Published online Oct 6, 2019. doi: 10.12998/wjcc.v7.i19.2976
Peer-review started: May 8, 2019
First decision: August 1, 2019
Revised: August 27, 2019
Accepted: September 13, 2019
Article in press: September 13, 2019
Published online: October 6, 2019
De-afferentation or non-weight bearing induces rapid cortical and spinal α-motor neuron excitability. The author supposed that an end-effector type gait robot (EEGR) could provide patients with a training condition that was specific enough to activate rapid cortical/spinal neuroplasticity, leading to immediate muscle strengthening.
The author aimed to compare the electromyographic activities of the thigh and shank muscles and isometric peak torque (PT) before and after walking training on a floor or in the end-effector gait robot.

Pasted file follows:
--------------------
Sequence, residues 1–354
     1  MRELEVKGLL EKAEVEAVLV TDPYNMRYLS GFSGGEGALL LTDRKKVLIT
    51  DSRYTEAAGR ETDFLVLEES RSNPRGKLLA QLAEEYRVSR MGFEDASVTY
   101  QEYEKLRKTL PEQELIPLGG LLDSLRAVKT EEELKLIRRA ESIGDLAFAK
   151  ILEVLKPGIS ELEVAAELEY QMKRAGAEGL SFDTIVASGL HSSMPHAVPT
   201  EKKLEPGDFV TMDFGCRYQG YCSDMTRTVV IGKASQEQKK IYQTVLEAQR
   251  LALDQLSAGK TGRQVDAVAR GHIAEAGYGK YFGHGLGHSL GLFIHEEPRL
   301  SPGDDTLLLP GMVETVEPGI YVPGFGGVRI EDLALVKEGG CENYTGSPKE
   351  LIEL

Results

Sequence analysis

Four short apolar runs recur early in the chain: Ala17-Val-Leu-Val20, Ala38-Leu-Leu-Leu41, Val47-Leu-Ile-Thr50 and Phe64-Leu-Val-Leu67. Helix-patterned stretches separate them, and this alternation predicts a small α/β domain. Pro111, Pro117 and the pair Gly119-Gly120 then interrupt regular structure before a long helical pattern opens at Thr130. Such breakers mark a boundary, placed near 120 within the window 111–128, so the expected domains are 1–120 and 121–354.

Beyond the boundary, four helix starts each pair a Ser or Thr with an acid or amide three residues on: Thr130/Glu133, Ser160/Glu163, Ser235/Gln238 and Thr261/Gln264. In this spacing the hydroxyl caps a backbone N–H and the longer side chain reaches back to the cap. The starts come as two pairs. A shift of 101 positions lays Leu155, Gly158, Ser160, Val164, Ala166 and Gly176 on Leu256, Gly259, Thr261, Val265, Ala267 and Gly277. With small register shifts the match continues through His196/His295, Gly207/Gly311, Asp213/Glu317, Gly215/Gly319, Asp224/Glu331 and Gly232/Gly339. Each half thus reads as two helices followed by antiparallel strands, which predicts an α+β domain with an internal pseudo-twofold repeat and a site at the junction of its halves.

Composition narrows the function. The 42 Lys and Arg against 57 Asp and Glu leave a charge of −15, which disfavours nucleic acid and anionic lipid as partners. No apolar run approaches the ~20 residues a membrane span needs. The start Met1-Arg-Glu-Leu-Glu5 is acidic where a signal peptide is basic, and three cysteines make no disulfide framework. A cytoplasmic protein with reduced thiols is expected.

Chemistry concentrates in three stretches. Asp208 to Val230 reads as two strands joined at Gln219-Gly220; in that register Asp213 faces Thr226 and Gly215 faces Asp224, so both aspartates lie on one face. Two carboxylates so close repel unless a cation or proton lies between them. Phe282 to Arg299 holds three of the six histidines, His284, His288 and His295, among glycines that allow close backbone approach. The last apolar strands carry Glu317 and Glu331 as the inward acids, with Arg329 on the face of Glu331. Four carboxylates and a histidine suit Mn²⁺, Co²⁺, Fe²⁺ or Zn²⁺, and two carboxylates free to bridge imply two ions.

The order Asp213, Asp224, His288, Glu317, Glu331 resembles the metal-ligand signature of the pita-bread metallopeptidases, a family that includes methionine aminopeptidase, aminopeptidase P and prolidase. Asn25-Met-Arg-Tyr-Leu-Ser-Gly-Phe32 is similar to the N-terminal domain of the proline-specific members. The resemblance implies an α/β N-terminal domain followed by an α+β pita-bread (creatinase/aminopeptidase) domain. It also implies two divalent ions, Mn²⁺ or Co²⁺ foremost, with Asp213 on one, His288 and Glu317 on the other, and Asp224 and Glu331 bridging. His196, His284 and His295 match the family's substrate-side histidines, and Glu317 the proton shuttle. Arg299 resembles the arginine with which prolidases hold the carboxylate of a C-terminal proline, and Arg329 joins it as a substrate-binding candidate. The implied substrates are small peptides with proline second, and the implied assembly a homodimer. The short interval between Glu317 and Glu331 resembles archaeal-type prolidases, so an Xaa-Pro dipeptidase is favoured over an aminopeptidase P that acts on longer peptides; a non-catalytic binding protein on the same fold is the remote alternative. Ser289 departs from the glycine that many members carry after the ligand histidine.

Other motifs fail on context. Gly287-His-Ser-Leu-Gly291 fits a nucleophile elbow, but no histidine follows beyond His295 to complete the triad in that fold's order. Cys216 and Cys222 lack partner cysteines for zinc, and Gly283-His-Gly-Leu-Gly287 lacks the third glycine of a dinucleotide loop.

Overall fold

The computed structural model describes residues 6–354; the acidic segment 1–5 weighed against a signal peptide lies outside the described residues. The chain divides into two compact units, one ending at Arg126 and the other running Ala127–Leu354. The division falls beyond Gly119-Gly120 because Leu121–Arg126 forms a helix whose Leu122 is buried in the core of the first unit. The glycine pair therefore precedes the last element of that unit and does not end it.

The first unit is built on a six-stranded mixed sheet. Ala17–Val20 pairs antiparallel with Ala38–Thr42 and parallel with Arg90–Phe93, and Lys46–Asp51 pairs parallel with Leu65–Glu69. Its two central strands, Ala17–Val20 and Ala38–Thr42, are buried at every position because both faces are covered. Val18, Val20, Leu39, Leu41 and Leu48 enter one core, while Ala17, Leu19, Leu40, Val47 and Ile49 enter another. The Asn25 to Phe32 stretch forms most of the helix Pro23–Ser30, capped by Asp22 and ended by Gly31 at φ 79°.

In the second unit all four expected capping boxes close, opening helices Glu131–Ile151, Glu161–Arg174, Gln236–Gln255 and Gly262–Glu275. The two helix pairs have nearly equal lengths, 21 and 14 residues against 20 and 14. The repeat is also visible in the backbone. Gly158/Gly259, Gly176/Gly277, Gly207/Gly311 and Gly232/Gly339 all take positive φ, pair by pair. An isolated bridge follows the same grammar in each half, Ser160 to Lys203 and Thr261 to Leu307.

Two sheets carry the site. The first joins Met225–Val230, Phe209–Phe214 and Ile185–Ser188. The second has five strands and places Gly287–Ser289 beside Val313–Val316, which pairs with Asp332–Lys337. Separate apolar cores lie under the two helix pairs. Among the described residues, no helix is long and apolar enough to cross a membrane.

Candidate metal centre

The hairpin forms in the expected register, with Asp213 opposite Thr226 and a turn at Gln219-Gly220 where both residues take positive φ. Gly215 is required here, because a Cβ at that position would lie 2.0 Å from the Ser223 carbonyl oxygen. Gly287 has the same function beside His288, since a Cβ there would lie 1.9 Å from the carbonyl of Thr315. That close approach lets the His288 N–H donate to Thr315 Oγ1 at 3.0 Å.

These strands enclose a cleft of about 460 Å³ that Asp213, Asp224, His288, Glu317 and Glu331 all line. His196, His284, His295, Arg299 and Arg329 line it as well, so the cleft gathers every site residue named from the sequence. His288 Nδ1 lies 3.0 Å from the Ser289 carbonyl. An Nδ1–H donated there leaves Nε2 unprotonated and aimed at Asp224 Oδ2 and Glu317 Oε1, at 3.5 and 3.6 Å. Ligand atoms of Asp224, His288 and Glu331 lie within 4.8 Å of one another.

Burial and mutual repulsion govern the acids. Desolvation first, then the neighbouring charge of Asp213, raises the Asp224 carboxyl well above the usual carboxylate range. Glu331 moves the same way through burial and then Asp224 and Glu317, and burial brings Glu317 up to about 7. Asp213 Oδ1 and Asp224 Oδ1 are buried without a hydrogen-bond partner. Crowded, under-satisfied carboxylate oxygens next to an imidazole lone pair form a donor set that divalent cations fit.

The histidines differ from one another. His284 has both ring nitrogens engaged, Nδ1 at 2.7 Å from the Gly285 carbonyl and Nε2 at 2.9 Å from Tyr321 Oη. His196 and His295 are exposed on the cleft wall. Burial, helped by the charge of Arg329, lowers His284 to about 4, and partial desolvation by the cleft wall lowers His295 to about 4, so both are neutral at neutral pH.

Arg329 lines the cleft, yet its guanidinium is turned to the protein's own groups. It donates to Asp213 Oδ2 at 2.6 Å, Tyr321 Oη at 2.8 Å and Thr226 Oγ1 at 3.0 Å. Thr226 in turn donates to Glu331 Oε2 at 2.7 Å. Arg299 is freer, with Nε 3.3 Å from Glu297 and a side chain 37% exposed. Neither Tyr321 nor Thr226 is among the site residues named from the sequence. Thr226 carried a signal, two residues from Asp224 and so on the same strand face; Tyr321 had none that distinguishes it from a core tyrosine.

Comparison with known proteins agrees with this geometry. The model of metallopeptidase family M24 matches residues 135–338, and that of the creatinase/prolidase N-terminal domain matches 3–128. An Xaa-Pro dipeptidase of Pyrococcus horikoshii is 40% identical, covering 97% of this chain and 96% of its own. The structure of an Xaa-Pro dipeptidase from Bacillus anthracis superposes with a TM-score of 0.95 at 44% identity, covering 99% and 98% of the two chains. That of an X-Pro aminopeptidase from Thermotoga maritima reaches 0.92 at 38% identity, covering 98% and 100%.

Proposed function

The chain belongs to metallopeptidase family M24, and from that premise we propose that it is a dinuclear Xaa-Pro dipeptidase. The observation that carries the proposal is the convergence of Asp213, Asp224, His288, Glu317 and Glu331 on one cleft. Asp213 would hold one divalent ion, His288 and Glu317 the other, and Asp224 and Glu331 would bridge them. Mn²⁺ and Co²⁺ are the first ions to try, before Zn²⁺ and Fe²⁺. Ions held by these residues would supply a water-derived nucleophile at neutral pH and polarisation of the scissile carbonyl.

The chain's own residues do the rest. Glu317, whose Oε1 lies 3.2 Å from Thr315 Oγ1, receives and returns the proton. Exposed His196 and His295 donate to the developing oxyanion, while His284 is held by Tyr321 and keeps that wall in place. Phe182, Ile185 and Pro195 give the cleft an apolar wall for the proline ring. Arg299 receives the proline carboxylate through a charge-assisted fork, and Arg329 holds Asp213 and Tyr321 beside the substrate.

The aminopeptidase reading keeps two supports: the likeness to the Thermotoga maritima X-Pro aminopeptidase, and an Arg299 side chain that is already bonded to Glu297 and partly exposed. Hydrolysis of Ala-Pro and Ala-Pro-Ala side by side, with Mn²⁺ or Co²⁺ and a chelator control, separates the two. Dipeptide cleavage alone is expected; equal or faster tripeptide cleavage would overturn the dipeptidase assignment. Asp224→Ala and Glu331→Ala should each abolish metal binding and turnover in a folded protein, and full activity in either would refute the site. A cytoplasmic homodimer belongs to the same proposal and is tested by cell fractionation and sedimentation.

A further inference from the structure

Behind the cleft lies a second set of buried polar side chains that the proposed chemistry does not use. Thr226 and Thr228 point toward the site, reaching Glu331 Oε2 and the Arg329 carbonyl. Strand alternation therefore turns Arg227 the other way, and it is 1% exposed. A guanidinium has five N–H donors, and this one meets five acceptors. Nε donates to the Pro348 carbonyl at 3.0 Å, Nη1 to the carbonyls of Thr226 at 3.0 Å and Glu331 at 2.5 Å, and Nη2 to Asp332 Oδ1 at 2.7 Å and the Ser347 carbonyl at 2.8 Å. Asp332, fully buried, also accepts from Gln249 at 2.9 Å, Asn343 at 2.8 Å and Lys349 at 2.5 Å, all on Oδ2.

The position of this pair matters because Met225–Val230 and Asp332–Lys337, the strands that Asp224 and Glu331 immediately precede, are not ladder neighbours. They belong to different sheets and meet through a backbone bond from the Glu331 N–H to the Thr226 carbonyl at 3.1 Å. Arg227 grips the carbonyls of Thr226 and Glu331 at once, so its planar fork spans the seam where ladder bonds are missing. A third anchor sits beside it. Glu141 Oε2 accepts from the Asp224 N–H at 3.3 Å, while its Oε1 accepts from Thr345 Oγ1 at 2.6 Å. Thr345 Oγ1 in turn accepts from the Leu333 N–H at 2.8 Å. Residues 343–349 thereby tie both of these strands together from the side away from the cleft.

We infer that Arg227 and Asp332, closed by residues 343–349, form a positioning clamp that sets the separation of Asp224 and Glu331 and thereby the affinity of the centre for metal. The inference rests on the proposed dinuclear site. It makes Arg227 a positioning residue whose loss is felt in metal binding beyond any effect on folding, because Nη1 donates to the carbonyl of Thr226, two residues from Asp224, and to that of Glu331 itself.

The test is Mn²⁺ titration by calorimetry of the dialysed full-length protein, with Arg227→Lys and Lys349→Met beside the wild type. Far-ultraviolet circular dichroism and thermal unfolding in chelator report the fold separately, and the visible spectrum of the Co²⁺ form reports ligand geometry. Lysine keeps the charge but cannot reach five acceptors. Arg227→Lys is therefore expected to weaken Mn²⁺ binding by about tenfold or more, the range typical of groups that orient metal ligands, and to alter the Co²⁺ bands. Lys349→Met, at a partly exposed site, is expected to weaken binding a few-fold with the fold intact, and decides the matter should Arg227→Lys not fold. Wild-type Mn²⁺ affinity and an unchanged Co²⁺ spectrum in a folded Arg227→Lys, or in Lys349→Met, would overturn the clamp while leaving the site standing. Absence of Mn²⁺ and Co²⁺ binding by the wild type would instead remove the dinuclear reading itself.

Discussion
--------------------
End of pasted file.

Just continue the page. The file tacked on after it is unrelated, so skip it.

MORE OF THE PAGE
Twelve outpatients without ambulatory dysfunction were recruited. Order of two interventions were randomly chosen. Isometric PT, maximal ratio of torque development, amplitude of compound motor action potential (CMAP), and area under the curve (AUC) were evaluated before and 10 min after both interventions.
The degree of PT improvement of the dominant knee flexors was larger in the EEGR than on the floor. The EEGR-trained patients had greater PT improvement of the dominant knee extensors than those who trained on the floor. However, all electromyographic activities of the thigh and shank muscles (peak CMAP, mean and peak AUC) were significantly lower for the use of the EEGR than walking on the floor.
Immediate strengthening of the knee flexors and extensors was induced after the 5-min EEGR training, despite reduced muscular use.